فهرست مطالب

  • سال سیزدهم شماره 2 (پیاپی 50، زمستان 1392)
  • ویژه نامه فرهنگ نویسی (7)
  • تاریخ انتشار: 1392/11/29
  • تعداد عناوین: 23
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  • The Linguistic and Philological Advantages of Taṣḥīḥ al-faṣīḥ by Ibn Durustōya Fasā i
    A. A. Sadeghi Pages 2-22
    Abu Muhammad Abd Allāh Ibn Ja‘far Ibn Durustōya Marzbān-e Farsi-e Fasā’i (Fasawi) (258-347 A.H.) was one of the great Arabic scholars who wrote in many different fields. But most of his writings were treatises on the Arabic syntax. His biography has been recorded in many biographies of Arabic scholars. In his biographies of the scholars of the Baṣra School of thought, Ibn-e-Nadīm attributes more than forty volumes to him, most of which reportedly remained unfinished. In the margins on the pages of his edition of Ibn-e-Nadīm’s Kitāb al-Fihrist, Ayman Fu’ād Sayyid cites the sources and references that report on Ibn Durustōya’s biography and works. From the forty volumes attributed to him, we are today left with only two titles: one is Kitāb al-kitāb which has so far been published twice, and the other is Tha‘lab’s Taṣḥīḥ al-faṣīḥ. Abu al-‘Abbās Yahyā bin Tha‘lab (Died:291 A.H.) was one of the Imams (leaders) at the Kufa school of thought and a scholar on syntax and philology. He was the author of Kitāb al-faṣīḥ, the book on which Ibn Durustōya wrote his treatise Taṣḥīḥ al-faṣīḥ. In this volume, Ibn Durustōya provides explanations on the lemmatized items in Tha‘lab’s book while he also refers to slang pronunciations of both the Arabic and Arabicized entries in that book. These citations indicate that the words in question, which are still in common use today, date back to the early post-Islamic centuries. The slang pronunciations of Arabicized words also fully conform to their original Persian pronunciations. Moreover, he cites the original Persian words and their pronunciations throughout his book; this is also of high importance for the history of the Persian language. The 1419/1998 edition of Taṣḥīḥ al-faṣīḥ’s published in Cairo was based on the manuscript available at Arif Hikmet Library in Madina and edited by Muḥammad Badawī Makhtūn with contributions by Ramaḍān ‘Abd al- Tawwāb. In what follows in this article, the materials on the Persian language as well as the Persian words and pronunciations reported in this work will be quoted following the page order of the edition used here. Before that, however, some more general points of interest will be raised. It must also be noted in passing that Ibn Durustōya came from Fasa in Fars Province, Iran; hence, some of the pronunciations he has reported belong to the dialects in his region of origin.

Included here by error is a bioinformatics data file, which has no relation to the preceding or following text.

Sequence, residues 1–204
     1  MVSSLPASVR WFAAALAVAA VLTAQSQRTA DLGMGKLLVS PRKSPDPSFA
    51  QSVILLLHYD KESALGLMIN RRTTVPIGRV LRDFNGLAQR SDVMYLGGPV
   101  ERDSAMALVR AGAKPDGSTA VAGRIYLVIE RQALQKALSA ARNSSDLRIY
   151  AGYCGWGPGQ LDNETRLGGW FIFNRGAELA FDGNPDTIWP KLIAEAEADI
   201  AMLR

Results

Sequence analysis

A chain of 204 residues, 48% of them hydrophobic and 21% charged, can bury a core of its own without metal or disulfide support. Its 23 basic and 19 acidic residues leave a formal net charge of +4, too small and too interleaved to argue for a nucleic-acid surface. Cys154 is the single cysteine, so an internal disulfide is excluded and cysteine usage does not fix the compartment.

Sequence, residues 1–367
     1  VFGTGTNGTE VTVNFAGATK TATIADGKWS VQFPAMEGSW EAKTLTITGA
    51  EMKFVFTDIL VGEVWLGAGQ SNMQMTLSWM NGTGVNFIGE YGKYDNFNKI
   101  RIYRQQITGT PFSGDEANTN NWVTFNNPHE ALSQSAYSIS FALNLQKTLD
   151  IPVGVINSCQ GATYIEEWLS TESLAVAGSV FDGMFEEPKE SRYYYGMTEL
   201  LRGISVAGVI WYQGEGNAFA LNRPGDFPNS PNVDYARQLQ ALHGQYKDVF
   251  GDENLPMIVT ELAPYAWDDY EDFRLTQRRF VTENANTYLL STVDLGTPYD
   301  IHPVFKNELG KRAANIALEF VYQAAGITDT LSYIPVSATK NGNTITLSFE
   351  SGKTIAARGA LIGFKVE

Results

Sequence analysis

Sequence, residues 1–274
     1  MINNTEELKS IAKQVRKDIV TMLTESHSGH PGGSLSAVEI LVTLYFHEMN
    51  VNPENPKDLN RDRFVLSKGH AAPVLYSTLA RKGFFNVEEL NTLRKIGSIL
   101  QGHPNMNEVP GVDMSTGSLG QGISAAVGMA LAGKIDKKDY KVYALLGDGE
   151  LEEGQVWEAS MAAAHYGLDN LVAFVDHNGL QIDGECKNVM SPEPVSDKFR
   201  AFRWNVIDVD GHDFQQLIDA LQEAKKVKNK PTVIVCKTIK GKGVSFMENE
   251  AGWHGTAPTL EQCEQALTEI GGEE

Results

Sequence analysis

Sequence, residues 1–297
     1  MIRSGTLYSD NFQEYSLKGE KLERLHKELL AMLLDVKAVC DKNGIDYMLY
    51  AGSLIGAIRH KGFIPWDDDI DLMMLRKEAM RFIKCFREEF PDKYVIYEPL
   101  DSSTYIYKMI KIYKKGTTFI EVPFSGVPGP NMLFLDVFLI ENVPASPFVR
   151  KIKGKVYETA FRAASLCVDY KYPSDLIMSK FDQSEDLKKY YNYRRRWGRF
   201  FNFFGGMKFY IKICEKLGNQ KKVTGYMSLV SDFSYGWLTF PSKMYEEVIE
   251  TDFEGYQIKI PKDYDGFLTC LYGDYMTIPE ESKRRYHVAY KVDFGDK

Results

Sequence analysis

• A. Abbasi Pages 23-38
    Each speaker’s linguistic and pragmatic competences represent his/her whole set of linguistic knowledge. Lexicographers have of long been striving to present this knowledge in a general dictionary for various prescriptive, descriptive, or educational purposes. Yet, they have succeeded in compiling dictionaries that represent only the speakers’ linguistic competence rather than their complete knowledge of the language. Thus, neither have lexicographers completely succeeded in their efforts to describe the language of interest, nor have dictionaries, as educational tools, presented all the linguistic knowledge and information that speakers need to know when they speak a language. Most lexicographers confess that lexicography will not be possible without due heed to the pragmatic aspects of the language. This is because communication among the users of a language necessarily requires the use of the language appropriate to the context and to the settings in which communication occurs. It is common experience that, as a result of failure on the speaker’s part to observe all the pragmatic constraints involved, many a sentence that are otherwise (phonologically, morphologically, syntactically, and semantically) grammatical fail to convey to the hearer (reader) the message that was originally meant by the speaker (writer). The present article will investigate the pragmatic information that need to be included in general dictionaries and will further explore the methods and limitations in recording such data.